Outside of the mentor aspect of CYL, the program offers a lot of other opportunities to CYL participants. There are competitions within the program to go on trips, such as to the Five Nations Beef Alliance which is being held in Mexico this year. There are also forums every few months where we all get together and go through some training (ex. negotiations training and leadership training), hear fantastic guest speakers, network with prominent figures in the beef industry as well as one another and our mentors, and volunteer to give back to our industry. Several of us will be volunteering at booths during Agribition. If you are interested in the program, be sure to stop one of us to say hi and ask about how to get involved! Applications for 2016 will be accepted between Jan 1st and March 31st 2016. If you are looking for more information on CYL, you can visit their website at

Funding for the CYL program is made available through its foundation partners: UFA Co-operative Ltd., the Alberta Livestock and Meat Agency (ALMA), Cargill, and MNP. The program also receives support from gold sponsors Farm Credit Canada and New Holland. The CYL Spring Forum in 2015 was sponsored by the Saskatchewan Ministry of Agriculture.

Thanks for reading!



Cattlemen’s Young Leaders 

This summer I was contacted by the Cattlemen’s Young Leaders (CYL) committee asking if I would be interested in acting as a mentor in their program. This is an amazing program that aims to create leaders in our top young cattle producers through training, experiences and mentorship.

Although I did not know who my Mentee would be, I was given a list of her goals and objectives to get out of the program, and I was struck by how closely they followed the issues and obstacles that Aaron and I had overcome over the past 15 years on the ranch. Grazing plans, agvocacy, succession planning, and the process of building a cow herd from the ground up were all topics we have spent the past decade focusing the better part of our brains on.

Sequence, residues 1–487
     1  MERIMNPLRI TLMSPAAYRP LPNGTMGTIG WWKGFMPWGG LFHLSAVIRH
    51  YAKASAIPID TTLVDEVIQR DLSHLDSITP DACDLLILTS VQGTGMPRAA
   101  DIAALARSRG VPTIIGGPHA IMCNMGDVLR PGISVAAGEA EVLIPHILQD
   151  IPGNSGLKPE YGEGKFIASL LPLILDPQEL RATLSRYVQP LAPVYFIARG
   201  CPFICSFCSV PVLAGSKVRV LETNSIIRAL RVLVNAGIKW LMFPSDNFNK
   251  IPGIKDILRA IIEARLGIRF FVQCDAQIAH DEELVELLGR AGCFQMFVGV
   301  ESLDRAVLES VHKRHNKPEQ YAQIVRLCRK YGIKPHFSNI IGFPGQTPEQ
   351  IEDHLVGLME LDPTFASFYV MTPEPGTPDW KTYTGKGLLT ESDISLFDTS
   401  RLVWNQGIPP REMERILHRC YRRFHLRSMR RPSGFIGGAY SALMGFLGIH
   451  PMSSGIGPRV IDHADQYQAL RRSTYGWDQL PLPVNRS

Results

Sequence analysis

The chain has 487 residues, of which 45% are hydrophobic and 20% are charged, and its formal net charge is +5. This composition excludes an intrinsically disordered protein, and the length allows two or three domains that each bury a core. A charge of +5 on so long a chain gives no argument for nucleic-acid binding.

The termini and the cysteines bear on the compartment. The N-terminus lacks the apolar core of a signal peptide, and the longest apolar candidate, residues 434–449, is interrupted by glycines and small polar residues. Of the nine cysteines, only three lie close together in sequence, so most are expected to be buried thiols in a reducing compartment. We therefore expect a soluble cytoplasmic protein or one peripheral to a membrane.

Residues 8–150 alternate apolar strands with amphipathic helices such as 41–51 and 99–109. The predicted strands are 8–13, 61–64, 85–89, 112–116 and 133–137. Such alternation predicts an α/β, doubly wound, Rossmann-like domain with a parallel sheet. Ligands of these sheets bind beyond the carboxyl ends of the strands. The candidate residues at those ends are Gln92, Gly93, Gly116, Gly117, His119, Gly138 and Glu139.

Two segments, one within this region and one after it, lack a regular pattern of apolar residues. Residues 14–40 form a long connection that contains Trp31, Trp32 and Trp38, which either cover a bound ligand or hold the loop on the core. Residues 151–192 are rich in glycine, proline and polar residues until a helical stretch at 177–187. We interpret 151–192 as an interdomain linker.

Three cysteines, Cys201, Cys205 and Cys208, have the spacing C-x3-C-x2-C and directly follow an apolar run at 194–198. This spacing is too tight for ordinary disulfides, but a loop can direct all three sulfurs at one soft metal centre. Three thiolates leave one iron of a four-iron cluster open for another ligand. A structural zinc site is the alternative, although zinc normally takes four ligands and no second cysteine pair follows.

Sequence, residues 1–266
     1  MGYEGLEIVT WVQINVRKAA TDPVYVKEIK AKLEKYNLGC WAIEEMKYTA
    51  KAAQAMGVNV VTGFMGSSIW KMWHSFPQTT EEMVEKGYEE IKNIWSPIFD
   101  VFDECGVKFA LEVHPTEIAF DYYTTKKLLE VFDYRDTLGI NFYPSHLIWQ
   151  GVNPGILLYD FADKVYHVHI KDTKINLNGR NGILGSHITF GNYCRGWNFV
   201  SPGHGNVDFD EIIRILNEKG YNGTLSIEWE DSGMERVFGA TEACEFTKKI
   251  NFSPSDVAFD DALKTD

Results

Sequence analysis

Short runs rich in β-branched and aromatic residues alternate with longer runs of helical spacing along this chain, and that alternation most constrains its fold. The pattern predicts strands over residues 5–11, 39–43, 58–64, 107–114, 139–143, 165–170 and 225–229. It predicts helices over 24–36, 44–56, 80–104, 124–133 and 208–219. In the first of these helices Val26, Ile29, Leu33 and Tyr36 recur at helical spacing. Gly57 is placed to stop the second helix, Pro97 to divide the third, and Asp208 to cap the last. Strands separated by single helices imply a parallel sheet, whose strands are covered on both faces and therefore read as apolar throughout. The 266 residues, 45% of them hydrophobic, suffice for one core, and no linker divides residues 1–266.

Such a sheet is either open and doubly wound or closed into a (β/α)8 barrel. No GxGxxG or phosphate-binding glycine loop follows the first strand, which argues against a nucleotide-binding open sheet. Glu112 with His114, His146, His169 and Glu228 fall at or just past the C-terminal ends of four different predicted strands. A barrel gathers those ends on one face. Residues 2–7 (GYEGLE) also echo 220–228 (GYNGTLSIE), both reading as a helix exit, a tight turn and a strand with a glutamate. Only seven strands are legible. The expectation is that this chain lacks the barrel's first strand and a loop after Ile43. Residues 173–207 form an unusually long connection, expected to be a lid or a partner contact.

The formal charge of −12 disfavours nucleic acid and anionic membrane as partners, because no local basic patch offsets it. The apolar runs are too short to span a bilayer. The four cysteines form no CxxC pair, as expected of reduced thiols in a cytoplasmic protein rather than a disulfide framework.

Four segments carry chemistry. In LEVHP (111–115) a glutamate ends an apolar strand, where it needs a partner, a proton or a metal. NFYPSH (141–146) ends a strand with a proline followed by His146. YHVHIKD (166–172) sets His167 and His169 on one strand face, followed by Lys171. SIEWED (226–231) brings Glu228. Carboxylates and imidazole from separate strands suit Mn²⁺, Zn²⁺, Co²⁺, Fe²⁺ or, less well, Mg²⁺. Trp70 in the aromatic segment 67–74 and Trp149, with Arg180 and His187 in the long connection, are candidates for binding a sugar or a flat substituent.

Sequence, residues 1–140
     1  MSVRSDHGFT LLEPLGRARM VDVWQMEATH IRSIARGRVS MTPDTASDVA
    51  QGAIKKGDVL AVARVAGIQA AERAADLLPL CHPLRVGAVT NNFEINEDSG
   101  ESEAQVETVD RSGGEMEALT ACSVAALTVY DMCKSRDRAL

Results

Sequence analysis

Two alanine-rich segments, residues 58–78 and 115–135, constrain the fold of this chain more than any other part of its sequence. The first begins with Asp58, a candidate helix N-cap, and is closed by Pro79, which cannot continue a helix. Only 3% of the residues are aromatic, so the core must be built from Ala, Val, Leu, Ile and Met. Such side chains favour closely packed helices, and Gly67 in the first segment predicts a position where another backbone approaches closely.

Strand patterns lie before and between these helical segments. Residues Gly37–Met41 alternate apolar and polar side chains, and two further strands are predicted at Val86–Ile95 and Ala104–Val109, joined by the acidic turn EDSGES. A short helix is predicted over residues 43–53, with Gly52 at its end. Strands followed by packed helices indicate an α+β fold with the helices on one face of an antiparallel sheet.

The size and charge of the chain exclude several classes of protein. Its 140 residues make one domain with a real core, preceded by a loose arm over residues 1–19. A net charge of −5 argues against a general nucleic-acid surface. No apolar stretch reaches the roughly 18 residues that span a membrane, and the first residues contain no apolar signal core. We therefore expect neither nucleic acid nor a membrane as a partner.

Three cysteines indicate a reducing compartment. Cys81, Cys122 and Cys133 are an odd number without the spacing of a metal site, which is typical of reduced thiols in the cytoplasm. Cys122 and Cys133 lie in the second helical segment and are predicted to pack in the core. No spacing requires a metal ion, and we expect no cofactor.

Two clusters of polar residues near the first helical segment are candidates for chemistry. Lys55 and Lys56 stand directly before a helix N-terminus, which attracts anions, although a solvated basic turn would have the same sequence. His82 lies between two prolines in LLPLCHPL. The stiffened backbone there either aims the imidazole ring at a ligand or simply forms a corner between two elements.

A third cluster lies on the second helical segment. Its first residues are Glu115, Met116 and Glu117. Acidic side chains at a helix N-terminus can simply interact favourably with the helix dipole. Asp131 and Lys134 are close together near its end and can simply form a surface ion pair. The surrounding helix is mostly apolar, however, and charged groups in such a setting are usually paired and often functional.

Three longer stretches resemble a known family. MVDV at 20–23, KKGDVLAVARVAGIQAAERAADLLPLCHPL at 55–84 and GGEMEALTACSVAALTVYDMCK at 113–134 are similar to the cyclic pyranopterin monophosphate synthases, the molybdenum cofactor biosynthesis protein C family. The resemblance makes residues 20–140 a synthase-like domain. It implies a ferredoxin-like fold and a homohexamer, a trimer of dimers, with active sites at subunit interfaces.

Aaron and I already spend a significant amount of time volunteering for both local organizations and provincial Ag associations, so our first reaction to the mentor request was, “how can we possibly fit this in as well?” But we saw the value in passing along not only our successes, but maybe more importantly, our failures. Although we had a strong network of peers, and were extremely fortunate in coming from incredible farming families whom we learnt a lot from, we never had formal mentors. We see the value in mentorship to the Canadian Beef Industry. In our eyes, the communication of knowledge is one of the greatest barriers within our industry. So without knowing a lot about the program, we took the plunge and took on the challenge.

Our Mentee, Angela Kumlin, has impressed us with her intelligence and drive. Our time spent with her has been extremely productive and rewarding. I won’t give away too much of her journey, as I have asked her to write a guest post for this blog. Read about her experience here.

For more info on the Cattlemen’s Young Leaders program look here, or follow them on Twitter at @CYLProgram